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DACS warns that new text and data mining exception will undermine licensing opportunities for visual artists and weaken copyright.

Devious Designs profile of woman superimposed with floppy discs by Nick Gentry
Devious Designs, 2018
© Nick Gentry. All Rights Reserved, DACS/Artimage 2022.

DACS is deeply concerned by plans announced by the Department for Business, Energy and Industrial Strategy to introduce a new text and data mining (TDM) exception to copyright.

The new TDM exception would drastically weaken copyright protections for copyright holders in the UK, which supports the livelihoods of workers and businesses across the creative and cultural industries. 

Our sector is supportive of the objective to develop AI-technologies – and indeed many visual artists, writers and publishers already use and invest in AI – but it is vital that our copyright framework is upheld in doing so. In January 2022 DACS provided evidence to the UK Intellectual Property Office consultation on Artificial Intelligence and Intellectual Property, clearly demonstrating the value copyright licensing brings to visual artists and a willingness to work collaboratively to develop new business models that support AI technology and machine learning activities.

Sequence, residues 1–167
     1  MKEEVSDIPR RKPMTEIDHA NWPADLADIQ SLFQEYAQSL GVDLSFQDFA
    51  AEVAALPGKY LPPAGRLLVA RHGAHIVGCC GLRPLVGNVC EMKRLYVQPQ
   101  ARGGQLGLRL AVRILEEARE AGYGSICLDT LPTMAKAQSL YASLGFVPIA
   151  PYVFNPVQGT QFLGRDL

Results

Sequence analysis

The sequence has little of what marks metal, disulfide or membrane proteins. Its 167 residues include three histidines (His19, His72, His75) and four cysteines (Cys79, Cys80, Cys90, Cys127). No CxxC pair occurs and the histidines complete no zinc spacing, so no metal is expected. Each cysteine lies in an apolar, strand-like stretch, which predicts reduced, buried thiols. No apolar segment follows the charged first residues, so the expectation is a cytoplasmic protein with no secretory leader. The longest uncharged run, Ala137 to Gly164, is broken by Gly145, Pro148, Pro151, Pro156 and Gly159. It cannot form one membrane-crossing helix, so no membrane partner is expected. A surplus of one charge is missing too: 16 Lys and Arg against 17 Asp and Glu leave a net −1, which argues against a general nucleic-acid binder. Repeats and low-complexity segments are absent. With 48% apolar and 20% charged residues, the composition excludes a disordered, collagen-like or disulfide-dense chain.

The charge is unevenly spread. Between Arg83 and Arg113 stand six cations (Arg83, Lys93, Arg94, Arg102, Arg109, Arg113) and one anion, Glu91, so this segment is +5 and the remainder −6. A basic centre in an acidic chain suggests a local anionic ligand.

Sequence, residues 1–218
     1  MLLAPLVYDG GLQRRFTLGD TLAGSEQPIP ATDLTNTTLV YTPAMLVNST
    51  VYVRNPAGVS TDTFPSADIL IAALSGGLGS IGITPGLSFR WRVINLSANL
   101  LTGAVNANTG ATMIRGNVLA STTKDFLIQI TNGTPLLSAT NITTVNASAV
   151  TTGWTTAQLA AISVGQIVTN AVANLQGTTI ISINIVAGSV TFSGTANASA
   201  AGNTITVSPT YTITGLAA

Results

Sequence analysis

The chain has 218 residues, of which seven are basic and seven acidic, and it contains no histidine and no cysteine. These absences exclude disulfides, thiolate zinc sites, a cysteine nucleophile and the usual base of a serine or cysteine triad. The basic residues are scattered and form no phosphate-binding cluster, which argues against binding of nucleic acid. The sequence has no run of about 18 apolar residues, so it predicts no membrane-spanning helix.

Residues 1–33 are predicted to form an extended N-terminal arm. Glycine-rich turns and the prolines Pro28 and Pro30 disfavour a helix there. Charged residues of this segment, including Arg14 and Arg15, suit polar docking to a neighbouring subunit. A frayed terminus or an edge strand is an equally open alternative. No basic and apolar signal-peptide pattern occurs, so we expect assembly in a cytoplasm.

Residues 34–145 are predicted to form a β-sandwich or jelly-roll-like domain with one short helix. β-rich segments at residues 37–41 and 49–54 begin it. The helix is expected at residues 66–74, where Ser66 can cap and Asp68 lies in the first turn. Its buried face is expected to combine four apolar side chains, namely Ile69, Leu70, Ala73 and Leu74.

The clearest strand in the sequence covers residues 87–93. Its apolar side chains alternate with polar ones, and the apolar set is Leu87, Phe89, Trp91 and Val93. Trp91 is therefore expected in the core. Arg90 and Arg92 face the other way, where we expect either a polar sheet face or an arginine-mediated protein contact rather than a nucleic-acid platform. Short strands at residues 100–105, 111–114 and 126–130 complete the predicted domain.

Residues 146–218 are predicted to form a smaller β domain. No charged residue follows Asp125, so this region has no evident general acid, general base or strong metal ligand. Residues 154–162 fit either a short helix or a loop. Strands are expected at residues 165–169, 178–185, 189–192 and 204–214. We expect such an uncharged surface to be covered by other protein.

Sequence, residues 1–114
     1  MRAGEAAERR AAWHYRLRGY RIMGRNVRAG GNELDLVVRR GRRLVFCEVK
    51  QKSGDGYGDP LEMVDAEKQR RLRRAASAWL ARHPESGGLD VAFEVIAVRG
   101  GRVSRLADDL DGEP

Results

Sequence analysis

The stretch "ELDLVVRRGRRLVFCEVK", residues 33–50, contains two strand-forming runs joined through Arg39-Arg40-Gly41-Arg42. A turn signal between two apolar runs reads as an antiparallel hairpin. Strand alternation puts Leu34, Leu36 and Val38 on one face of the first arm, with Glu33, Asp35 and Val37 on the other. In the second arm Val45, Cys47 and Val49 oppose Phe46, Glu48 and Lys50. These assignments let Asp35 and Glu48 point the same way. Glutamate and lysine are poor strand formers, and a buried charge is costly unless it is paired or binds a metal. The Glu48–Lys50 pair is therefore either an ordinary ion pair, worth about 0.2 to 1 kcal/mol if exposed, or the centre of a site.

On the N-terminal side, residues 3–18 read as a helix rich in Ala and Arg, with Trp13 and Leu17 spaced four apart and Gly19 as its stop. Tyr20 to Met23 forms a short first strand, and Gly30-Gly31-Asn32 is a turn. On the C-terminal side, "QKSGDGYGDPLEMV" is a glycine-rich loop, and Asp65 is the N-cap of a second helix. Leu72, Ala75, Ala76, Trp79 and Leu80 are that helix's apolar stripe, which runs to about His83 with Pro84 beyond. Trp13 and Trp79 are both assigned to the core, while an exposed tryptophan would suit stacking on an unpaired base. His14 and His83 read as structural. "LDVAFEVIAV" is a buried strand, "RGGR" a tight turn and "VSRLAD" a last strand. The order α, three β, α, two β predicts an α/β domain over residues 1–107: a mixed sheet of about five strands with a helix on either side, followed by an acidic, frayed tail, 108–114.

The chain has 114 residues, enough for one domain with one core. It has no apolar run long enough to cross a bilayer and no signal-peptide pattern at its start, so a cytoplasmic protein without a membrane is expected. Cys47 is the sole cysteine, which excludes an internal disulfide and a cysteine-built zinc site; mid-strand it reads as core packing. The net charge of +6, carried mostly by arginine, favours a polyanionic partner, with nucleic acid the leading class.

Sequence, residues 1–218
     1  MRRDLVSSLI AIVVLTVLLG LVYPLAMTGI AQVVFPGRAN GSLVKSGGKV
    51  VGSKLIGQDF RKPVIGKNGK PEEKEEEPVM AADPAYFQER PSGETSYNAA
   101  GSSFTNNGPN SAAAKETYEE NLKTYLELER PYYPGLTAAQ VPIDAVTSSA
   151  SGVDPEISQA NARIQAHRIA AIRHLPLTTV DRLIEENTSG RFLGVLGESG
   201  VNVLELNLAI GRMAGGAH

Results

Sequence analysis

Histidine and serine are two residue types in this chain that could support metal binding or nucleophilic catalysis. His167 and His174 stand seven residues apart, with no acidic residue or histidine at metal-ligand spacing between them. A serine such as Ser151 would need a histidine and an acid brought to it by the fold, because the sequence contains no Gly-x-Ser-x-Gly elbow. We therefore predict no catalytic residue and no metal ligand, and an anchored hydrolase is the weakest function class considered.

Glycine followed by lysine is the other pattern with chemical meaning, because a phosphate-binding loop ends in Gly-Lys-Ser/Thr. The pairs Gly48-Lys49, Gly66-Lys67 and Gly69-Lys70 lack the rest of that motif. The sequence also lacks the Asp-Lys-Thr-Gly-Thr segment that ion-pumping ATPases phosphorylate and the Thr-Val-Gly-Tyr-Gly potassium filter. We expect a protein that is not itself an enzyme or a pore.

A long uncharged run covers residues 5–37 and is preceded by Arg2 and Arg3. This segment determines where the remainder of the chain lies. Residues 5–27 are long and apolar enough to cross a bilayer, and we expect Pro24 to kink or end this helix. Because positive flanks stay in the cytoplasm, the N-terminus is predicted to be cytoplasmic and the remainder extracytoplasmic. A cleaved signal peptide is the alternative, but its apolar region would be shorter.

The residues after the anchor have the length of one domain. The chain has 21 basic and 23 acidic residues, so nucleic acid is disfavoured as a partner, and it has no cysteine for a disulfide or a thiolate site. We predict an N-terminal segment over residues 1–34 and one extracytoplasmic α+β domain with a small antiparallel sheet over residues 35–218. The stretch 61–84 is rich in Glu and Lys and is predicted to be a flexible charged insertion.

Licensing copyright-protected works is a vital revenue source for visual artists at all stages of their careers. It is a flexible and innovative business model that brings value and certainty to both copyright holders and licensing customers. This startling development would apply to both commercial and non-commercial uses. It would set a concerning precedent for how copyright policy is developed, undermining not only the UK’s ‘gold standard’ copyright framework but many viable and valuable existing business models.

The rationale behind this change was to support the development of AI-driven technologies, however the reality is that this change will have far-reaching detrimental consequences to UK creative workers and visual artists. We hope that the Department and the Intellectual Property Office will listen to our concerns and evidence and look again at how the policy objectives can be better met without undermining creators’ rights.

Gilane Tawadros

We remain committed to defending the rights of visual artists and will continue to work with colleagues across the sector and the UK government in doing so.

Further reading

  • DACS' report into artists' responses to Artificial Intelligence (AI) and copyright law
  • DACS' response to the IPO's consultation on Artificial Intelligence and Intellectual Property